Addiction in the workplace

Coping mechanisms for stressed employees

London is one of the most wonderful cities in the world. Fast, rich, beautiful, eclectic and a hive for those seeking good prospects. Working in London although competitive is well paid, lucrative and prestigious but with all of these positives come many negatives and addiction.
Stress, anxiety, depression, panic attacks, burn out and adrenal fatigue are rife behind the doors of our offices and meeting rooms. Employees are silently suffering because rent, costs and expectations are high and most people can not afford to be honest about their inability to be able to cope with the strain and the pressure that they are under. Pressure to work at the pace that is required of them yet also be sociable and network. The strain of covering all the costs of London life; from necessities like high rents and travel expenses to luxuries like eating out and having the right lifestyle in an age where our every move is captured on social media.

According to the World Health Organisation depression and anxiety in the workplace is costing companies US$1Trillion a year investing in employee but investing in treatment for their employees yield a fourfold return.

I have been working in rehabilitation centres for nearly 10 years and I have seen residents or addicts from all walks of life. Bankers from the city and media executives from the west end as well as the tabloid worthy Chelsea socialites. But what unites all these people? Is it lack of strength of character? Weakness? Susceptibility to addictive substances? There are many theories about why people become addicts and not very much scientific evidence to prove these theories either way. In my experience there is generally some kind of historical trauma. This can be at the hand of parents or family members, ex partners or random strangers. This triggers feelings of unworthiness lack of self esteem and confidence in general. Then on entering the workplace in London where expectations, competition and standards are high many of us are left suffering from Burn Out, anxiety, depression, Imposter Syndrome and lack of self esteem. Unfortunately the acceptable solution for many people is alcohol. We forgot about our troubles for a while, we relax, we socialise and none of it feels as bad as we thought it was. But hen very quickly a drink after work turns into two drinks and it goes from once a week to twice a week. One of my clients at the centre told me that she used to drink a bottle of vodka in her lunch hour to calm her nerves and give her the courage to go back to work.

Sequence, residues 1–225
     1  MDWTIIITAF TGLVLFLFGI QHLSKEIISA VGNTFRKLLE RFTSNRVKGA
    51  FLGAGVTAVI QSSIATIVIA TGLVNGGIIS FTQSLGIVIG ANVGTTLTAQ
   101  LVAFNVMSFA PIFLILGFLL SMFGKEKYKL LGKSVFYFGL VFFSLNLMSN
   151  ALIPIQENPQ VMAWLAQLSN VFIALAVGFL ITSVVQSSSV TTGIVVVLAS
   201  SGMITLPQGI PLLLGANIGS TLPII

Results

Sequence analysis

According to HRReview it costs a company on average £5,433 to recruit a new member of staff

Many companies are starting to acknowledge how widespread mental health issues are in the workplace and are supportive when they are made aware that an employee is not coping. What has precipitated this change? There could be many factors that have precipitated this change. Maybe they value their employees more than they did in the past or they know how much the recruitment process will cost them. Or maybe companies are starting to feel an ethical responsibility towards their employees. It could also be that there is more awareness about mental health and less stigma as news coverage has highlighted celebrities that have also been suffering in silence.

Alcohol related illness and addiction is estimated to cost the NHS £3.5 billion per year- that’s 3.6% of its annual budget

Whatever the reason, I have seen the change in the number of companies with Wellness Budgets and even designated Wellness Rooms. More and more companies have yoga teachers or meditation sessions and even Wellness Weeks that include bonding exercises, pamper sessions and fun games to create a more positive and relaxed atmosphere. Unfortunately many of these weeks culminate with lots of alcohol as a “celebration” and this is the culture that needs to change. As more and more people are becoming vegan and it has become common place to have vegan option it should also be more acceptable to for people to say no to alcohol when celebrating at work or socialising after work.
Alcohol is a drug like any other, it is just the acceptable drug of our society.

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